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G. Atherton and Co. Vs. S. Habib Baksh - Court Judgment

LegalCrystal Citation
SubjectCivil
CourtAllahabad
Decided On
Reported inAIR1929All390
AppellantG. Atherton and Co.
RespondentS. Habib Baksh
Excerpt:
- - a distinction has been clearly drawn between an ex parte order granting leave where the matter is not disputed and an order granting leave after contest......filed by the decree-holder on 25th september 1922. the decree was sought to be executed against habib bakhsh, who was described as son and heir of rahim bakhsh, alleged to be a former partner of s. johnson and co. an objection was raised on behalf of habib bakhsh that the decree was a nullity inasmuch as the suit had been instituted at a time when the sole partner rahim bakhsh was dead. the execution court at jhansi on 13th december 1923, held that rahim bakhsh was the sole proprietor of the firm known as s. johnson & co., and that he was dead on the date of the institution of the suit at bombay. the application for execution was accordingly dismissed and on appeal to this court the order of the subordinate judge was confirmed on 25th march 1925 and the findings of fact namely that.....
Judgment:

Sulaiman, J.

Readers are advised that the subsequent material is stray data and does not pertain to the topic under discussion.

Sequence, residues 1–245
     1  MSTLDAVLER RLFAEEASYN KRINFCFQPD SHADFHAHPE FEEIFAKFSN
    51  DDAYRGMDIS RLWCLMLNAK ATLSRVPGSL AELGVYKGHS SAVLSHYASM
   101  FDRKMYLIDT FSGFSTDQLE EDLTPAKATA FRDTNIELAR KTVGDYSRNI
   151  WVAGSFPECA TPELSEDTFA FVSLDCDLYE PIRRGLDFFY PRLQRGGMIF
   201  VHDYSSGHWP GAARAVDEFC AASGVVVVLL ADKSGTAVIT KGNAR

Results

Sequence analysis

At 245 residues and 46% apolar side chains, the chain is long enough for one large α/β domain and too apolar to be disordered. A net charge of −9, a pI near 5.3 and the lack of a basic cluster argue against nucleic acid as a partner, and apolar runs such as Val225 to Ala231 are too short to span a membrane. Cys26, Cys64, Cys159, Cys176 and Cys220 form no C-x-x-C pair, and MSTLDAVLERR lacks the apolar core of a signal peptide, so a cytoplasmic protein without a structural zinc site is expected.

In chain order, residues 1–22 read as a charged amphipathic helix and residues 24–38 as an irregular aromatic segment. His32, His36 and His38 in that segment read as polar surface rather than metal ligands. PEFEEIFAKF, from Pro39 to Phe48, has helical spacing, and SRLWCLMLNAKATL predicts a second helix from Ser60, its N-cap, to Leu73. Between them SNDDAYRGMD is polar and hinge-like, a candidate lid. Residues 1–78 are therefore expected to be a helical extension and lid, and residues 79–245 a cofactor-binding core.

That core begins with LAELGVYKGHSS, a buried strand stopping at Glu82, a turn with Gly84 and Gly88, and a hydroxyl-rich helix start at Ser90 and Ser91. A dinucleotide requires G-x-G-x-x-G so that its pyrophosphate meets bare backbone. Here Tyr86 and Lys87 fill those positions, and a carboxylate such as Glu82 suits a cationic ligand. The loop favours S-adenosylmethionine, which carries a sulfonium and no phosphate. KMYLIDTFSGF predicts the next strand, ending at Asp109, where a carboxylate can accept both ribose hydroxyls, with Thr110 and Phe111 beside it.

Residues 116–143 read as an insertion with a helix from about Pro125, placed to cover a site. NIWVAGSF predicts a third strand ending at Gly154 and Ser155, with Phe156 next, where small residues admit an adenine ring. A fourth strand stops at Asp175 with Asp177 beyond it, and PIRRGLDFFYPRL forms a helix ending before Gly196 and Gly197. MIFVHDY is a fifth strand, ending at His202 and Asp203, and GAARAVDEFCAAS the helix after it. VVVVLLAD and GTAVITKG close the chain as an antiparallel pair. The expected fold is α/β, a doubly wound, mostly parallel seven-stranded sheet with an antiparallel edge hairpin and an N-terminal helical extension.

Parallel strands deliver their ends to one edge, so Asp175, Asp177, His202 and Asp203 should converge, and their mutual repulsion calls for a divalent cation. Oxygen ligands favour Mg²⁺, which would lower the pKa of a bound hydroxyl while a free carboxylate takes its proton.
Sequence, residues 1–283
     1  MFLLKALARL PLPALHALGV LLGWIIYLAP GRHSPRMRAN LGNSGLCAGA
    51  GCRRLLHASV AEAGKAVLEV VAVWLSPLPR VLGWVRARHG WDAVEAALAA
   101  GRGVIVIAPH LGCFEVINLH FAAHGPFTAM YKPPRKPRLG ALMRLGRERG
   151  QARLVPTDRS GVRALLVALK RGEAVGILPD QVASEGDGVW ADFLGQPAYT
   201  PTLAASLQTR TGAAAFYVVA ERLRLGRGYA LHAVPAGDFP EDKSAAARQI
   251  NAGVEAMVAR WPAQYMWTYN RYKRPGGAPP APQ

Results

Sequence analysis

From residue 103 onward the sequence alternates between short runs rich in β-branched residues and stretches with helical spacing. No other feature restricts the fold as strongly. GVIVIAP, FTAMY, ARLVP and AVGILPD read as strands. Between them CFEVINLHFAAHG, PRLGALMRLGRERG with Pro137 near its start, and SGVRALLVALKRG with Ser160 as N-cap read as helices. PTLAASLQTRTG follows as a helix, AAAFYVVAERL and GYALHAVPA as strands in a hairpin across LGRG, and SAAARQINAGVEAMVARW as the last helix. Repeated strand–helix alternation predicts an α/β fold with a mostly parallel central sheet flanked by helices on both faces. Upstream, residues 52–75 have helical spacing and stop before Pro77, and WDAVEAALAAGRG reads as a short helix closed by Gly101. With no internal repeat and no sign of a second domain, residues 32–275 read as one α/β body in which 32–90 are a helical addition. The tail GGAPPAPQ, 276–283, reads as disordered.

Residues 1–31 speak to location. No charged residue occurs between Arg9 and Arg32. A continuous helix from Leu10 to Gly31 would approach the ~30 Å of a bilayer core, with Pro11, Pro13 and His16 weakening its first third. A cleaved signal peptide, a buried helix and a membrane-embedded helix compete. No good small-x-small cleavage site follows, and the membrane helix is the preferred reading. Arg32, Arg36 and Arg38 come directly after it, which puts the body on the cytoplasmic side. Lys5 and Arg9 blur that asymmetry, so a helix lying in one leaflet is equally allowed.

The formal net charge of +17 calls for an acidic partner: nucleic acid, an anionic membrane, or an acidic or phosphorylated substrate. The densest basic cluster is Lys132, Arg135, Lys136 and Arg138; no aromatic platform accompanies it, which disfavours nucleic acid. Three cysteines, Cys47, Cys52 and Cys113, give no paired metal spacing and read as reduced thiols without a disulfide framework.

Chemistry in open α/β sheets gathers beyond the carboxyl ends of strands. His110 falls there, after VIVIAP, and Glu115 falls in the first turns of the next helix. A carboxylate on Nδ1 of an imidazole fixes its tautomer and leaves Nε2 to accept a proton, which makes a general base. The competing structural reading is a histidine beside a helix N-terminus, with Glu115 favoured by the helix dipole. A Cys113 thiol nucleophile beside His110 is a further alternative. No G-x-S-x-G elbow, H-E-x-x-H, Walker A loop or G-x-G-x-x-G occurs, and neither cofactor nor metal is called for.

1. This is an appeal by the decree-holder arising out of an execution proceeding. It appears that on 7th March 1922, the Bombay High Courts on the original side passed a decree for a sum of money against S. Johnson and Co. That decree was transferred for execution to the Jhansi Court and an application for execution of that decree was filed by the decree-holder on 25th September 1922. The decree was sought to be executed against Habib Bakhsh, who was described as son and heir of Rahim Bakhsh, alleged to be a former partner of S. Johnson and Co. An objection was raised on behalf of Habib Bakhsh that the decree was a nullity inasmuch as the suit had been instituted at a time when the sole partner Rahim Bakhsh was dead. The execution Court at Jhansi on 13th December 1923, held that Rahim Bakhsh was the sole proprietor of the firm known as S. Johnson & Co., and that he was dead on the date of the institution of the suit at Bombay. The application for execution was accordingly dismissed and on appeal to this Court the order of the Subordinate Judge was confirmed on 25th March 1925 and the findings of fact namely that Rahim Bakhsh was the sole proprietor of S. Johnson & Co. and that he was dead on the date when the suit was filed in the Bombay High Court were affirmed. It was further held that Habib Bakhsh was not bound to apply to the Bombay High Court for having the decree against a dead man formally set aside and that consequently an infructuous application made by him under Order 9, Rule 13, Civil P.C., was no bar to his plea that the decree was a nullity. This order became final and the execution proceedings in the Court of the Subordinate Judge at Jhansi were accordingly dropped.